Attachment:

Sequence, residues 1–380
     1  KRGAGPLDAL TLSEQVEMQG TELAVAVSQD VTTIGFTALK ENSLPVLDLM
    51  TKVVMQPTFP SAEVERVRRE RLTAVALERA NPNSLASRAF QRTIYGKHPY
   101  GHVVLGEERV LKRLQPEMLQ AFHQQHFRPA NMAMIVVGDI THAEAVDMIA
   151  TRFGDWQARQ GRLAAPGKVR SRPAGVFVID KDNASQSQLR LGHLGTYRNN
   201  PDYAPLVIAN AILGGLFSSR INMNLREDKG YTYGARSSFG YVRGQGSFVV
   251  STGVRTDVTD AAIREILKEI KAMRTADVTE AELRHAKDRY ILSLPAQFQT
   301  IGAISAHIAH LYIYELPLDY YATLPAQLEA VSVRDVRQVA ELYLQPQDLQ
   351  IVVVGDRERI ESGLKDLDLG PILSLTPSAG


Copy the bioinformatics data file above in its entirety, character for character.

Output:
Sequence, residues 1–380
     1  KRGAGPLDAL TLSEQVEMQG TELAVAVSQD VTTIGFTALK ENSLPVLDLM
    51  TKVVMQPTFP SAEVERVRRE RLTAVALERA NPNSLASRAF QRTIYGKHPY
   101  GHVVLGEERV LKRLQPEMLQ AFHQQHFRPA NMAMIVVGDI THAEAVDMIA
   151  TRFGDWQARQ GRLAAPGKVR SRPAGVFVID KDNASQSQLR LGHLGTYRNN
   201  PDYAPLVIAN AILGGLFSSR INMNLREDKG YTYGARSSFG YVRGQGSFVV
   251  STGVRTDVTD AAIREILKEI KAMRTADVTE AELRHAKDRY ILSLPAQFQT
   301  IGAISAHIAH LYIYELPLDY YATLPAQLEA VSVRDVRQVA ELYLQPQDLQ
   351  IVVVGDRERI ESGLKDLDLG PILSLTPSAG